Antibiotic resistance turns into global health crisis
Using antibiotics without a doctor’s prescription to recover from a new coronavirus infection can cause serious health problems, the Sri Lanka College of Microbiologists has warned.
“Antibiotic resistance” due to unnecessary and excessive antibiotic use is becoming a global health crisis.
According to the President of the College of Microbiologists of Sri Lanka, Dr Geethika Patabendige, consultant clinical microbiologist, a large number of people use antibiotics to control viral infection, making it impossible to control diseases that were previously treated with antibiotics. .
The World Health Organization (WHO) has warned that nearly 10 million people are expected to fall victim to antibiotic-resistant bacteria by 2050 due to the misuse and overuse of antibiotics, added Dr Patabendige.
She also urged people to refrain from using antibiotics without a doctor’s prescription to control COVID-19 infection.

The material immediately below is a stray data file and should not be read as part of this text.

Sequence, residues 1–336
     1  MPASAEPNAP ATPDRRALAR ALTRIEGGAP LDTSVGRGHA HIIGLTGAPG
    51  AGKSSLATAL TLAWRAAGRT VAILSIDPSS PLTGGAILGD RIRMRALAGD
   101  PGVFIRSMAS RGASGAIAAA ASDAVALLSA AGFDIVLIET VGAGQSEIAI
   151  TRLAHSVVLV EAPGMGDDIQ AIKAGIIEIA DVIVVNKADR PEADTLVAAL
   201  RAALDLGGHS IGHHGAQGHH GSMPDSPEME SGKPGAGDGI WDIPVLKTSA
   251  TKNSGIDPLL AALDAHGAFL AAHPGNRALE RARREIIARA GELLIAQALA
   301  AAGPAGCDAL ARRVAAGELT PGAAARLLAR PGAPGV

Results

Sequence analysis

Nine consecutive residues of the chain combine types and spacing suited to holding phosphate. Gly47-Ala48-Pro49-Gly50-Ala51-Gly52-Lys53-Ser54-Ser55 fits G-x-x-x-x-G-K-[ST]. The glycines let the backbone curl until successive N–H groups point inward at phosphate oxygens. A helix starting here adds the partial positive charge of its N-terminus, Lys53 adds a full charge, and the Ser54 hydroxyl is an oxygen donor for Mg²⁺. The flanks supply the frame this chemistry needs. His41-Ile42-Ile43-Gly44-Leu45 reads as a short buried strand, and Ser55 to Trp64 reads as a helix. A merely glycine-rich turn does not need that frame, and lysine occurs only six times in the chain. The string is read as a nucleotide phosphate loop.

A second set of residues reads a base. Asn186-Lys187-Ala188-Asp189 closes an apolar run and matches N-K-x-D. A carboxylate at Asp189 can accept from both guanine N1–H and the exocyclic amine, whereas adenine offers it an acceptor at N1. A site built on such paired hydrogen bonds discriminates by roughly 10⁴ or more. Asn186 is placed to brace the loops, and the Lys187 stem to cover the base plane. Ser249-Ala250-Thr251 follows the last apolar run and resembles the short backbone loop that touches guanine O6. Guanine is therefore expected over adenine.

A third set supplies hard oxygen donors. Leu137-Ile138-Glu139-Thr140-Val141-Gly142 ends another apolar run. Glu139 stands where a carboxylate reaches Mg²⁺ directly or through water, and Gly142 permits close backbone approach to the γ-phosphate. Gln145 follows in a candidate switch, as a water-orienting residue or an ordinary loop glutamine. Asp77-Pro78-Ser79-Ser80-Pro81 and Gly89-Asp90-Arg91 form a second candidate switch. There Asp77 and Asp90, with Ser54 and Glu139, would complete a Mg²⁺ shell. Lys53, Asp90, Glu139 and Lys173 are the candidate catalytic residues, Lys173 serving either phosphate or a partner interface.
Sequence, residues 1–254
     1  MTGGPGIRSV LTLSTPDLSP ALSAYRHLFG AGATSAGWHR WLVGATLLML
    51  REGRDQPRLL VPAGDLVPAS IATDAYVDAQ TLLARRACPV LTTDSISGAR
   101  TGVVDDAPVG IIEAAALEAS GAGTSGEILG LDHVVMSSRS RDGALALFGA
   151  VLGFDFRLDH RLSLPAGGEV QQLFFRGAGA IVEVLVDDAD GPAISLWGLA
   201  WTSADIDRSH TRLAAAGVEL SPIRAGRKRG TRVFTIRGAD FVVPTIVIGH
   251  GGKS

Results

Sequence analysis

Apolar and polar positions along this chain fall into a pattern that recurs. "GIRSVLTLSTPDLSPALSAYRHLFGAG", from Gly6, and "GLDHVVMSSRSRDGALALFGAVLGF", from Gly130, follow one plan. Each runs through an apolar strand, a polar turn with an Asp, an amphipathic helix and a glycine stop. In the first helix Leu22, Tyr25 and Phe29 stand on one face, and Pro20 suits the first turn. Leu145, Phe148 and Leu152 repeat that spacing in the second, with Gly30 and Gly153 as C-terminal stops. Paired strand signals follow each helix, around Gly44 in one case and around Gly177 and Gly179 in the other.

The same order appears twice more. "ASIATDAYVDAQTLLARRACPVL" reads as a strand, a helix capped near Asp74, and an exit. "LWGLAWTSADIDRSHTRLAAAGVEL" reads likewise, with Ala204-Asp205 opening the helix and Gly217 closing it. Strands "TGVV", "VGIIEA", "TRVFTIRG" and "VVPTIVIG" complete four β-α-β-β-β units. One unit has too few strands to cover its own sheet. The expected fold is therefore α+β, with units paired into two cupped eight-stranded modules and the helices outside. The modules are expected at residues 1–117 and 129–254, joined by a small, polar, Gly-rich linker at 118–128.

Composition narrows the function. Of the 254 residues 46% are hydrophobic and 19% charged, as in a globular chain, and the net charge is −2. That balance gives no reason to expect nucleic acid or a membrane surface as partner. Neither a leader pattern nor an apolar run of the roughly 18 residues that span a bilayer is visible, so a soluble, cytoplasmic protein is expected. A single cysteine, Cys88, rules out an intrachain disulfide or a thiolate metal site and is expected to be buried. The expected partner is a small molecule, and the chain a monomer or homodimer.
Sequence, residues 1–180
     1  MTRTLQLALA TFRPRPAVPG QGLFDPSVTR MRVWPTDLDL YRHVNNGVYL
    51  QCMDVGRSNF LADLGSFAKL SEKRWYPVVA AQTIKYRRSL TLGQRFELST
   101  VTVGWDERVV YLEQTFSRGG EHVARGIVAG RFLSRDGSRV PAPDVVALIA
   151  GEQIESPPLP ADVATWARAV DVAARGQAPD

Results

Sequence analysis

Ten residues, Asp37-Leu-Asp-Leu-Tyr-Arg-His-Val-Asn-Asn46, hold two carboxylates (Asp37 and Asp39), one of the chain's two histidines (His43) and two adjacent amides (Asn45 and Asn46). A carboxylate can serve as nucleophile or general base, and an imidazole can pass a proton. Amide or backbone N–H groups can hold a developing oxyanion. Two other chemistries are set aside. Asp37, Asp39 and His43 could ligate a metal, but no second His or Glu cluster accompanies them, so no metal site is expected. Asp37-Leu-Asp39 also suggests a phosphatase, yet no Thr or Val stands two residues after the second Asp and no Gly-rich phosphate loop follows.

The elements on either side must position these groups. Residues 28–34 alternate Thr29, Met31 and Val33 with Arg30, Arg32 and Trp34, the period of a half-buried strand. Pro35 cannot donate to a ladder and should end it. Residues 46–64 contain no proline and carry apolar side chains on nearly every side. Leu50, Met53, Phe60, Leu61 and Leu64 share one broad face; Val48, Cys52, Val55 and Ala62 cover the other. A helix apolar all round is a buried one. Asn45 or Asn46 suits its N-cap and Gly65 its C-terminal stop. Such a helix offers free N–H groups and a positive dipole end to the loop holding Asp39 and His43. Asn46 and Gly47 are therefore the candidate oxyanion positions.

Antimicrobials, including antibiotics, antivirals, antifungals, and antiparasitics, are drugs used to prevent and treat infections in humans, animals, and plants.
Bacteria, viruses, fungi and parasites are constantly changing and no longer respond to the drugs used to treat the infections they cause.
This antimicrobial resistance makes infections more difficult to treat, which increases the risk of disease spread, serious illness and death. It emerges naturally, usually through genetic modification.
However, the overuse and misuse of antimicrobials in humans, livestock and agriculture has accelerated the process, as have the lack of clean water and sanitation, and inadequate infection prevention and control.
-with contributions from agencies